What Went Wrong for the Oklahoma City Thunder
1. James Harden
- Harden’s nightmare series ended Thursday night with the Thunder’s Game 5 loss. After scoring double digits in every postseason game leading up to the Finals, James hit that mark in just 2 of 5 Finals games. His point totals from Game 1 to Game 5 are as follows: 5, 21, 9, 8, and 19. This works out to an average of 12.4 PPG. An average that is more than 4 points fewer than his regular season average of 16.8. In five games, Harden shot 18-for-48 for an average of 38%. His struggles were not exclusive to the offensive side of the floor, however. Defensively, he was able to hold his own throughout the series, but made crucial mistakes down the stretch of games. With a chance to tie the game, the Thunder needed a stop in the final 30 seconds of Game 4. Harden decided to body up Lebron at the top of the key and take his air space away in order to get the ball out of his hands. The crucial mistake came when he stepped in front on an attempt to draw a charge. Instead, he was called for a blocking foul and essentially handed the game to the Heat as Lebron drained to free throws to seal the deal. Harden also saw himself trying to guard Lebron in the post on many possessions of the final two games. He was simply overpowered and overmatched. The 22 year old, however, brought the same amount of energy every night, and this is worth noting as effort has never been the issue with this team. With an NBA Finals appearance under his belt, he will continue to be an Oklahoma City favorite for years to come.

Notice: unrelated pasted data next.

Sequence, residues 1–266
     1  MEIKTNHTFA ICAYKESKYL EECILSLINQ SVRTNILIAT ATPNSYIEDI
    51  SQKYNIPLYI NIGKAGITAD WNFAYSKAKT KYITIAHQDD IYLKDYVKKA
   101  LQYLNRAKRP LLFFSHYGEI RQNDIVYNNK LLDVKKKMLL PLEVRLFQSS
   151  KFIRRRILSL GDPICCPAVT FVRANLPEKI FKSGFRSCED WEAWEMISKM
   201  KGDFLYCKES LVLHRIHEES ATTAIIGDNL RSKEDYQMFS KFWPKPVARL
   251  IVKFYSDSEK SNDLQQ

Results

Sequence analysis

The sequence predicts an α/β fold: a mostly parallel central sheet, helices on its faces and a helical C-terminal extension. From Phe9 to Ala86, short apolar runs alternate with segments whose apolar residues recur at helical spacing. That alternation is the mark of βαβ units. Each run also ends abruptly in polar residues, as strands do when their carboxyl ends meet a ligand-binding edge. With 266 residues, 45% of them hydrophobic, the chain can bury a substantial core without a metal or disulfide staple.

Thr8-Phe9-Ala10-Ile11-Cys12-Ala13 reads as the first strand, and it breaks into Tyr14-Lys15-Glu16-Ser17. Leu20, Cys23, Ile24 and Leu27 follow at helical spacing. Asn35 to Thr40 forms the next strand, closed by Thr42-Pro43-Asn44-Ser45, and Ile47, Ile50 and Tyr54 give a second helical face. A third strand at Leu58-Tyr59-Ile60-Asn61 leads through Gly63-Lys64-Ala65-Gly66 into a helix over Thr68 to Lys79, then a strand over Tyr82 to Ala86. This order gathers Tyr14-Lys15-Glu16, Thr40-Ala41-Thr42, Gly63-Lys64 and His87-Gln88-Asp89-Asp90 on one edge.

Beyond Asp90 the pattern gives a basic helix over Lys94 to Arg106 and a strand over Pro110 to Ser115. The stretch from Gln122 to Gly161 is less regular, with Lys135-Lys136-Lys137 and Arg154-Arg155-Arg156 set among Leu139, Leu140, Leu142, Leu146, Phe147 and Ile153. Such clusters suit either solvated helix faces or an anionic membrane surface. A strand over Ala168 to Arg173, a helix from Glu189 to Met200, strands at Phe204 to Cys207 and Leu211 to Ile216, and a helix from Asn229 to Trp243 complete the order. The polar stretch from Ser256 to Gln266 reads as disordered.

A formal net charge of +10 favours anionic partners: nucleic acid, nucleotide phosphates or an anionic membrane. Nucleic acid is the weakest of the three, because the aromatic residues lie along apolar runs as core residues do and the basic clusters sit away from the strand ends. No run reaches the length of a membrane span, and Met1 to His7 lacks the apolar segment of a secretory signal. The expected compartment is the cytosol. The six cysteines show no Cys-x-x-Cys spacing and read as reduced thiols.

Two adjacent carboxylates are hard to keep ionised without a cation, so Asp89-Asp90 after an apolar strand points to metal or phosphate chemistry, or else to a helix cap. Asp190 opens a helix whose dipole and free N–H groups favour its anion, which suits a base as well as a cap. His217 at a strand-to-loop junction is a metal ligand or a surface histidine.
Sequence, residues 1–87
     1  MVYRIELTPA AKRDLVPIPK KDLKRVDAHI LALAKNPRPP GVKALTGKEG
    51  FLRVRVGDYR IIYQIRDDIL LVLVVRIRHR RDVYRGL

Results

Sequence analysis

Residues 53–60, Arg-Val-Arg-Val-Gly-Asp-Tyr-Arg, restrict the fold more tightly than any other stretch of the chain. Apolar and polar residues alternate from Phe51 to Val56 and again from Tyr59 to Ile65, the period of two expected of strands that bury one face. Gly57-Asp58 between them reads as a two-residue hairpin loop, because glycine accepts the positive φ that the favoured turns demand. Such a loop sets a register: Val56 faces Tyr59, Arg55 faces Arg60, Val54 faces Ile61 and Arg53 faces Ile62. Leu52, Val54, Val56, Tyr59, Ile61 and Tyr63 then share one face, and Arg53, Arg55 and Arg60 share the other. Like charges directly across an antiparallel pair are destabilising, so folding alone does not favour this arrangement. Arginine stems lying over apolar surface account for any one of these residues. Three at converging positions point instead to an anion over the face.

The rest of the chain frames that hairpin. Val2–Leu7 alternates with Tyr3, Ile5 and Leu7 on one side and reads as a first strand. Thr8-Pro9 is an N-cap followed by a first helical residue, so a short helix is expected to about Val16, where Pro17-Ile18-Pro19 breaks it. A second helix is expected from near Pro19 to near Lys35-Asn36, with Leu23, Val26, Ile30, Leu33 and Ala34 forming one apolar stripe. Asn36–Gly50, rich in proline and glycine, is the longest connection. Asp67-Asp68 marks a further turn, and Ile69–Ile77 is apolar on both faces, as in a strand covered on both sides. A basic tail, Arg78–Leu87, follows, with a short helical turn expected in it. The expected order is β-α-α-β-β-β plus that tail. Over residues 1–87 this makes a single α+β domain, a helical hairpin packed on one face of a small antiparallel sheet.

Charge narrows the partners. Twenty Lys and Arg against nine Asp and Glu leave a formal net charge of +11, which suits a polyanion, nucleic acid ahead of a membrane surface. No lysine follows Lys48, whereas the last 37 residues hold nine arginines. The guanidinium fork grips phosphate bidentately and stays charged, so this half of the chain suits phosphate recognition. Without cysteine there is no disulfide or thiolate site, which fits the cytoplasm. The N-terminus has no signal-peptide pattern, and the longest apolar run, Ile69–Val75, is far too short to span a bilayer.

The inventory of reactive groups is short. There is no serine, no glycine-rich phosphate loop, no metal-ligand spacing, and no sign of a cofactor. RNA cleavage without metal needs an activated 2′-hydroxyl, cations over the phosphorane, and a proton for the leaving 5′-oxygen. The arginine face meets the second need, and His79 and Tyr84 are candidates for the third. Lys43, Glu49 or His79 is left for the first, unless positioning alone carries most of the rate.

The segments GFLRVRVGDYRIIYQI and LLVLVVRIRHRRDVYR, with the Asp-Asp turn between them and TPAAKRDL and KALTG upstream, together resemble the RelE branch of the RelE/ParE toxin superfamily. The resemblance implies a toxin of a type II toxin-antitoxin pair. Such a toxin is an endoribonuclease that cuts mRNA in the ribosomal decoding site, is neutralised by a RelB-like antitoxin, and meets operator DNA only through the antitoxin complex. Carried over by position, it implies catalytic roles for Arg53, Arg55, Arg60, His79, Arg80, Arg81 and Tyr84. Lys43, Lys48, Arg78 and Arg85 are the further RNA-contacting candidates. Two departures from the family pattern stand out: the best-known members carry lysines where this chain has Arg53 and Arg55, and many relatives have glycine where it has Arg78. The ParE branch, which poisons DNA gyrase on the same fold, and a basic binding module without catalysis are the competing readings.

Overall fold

2. Coach Brooks’ rotations
- On the heels of the latest news concerning Kendrick Perkins, Coach Brooks may find himself under the microscope for his questionable rotations. Reports have surface that Perkins played the final three games of the NBA Finals with a tear in his groin. This explains a lot. Perkins could not handle the Miami athletes. He was torched on the pick and roll constantly. If the Heat ran a two-man game with Wade or Lebron being screened for by Bosh, Kendrick did not have the lateral quickness to cut off the ball handler. If he was able to hedge and force Wade or Lebron to pick up their dribble, he was not able to rotate and recover to his own man quick enough. Some analysts will question why Brooks did not give Nick Collison heavier minutes, especially after Perkins suffered the injury. Collison was a lightning rod of energy off the bench. The scrappy veteran kept plays alive with offensive boards, drew charges, and provided consistent energy defensively. Collison surpassed the 20-minute mark on only one occasion. Collison would have provided the Thunder the opportunity to switch on every screen. His has the build and quickness to stay with multiple positions. Now, Brooks has always been one to be stubborn with his rotations, so it should be noted that although Brooks may become a scapegoat, his strategy actually got them to the Finals.
3. Slow starts
- The slow starts for Oklahoma City left them scrambling to catch up late in games. If you take out the Thunder’s 33-point first quarter explosion in Game 4, OKC was outscored 113-83 in the first 12 minutes of the other four games. As a young squad, deficits of this magnitude affect a team mentally more than anything else. It seemed to take them out of their rhythm offensively. Westbrook, Durant, and Harden all had stretches of games in which they forced up poor shots. Coupled with poor defense, it was obvious to see that they were forced to press offensively.
Thanks to our friends at Sports Media 101.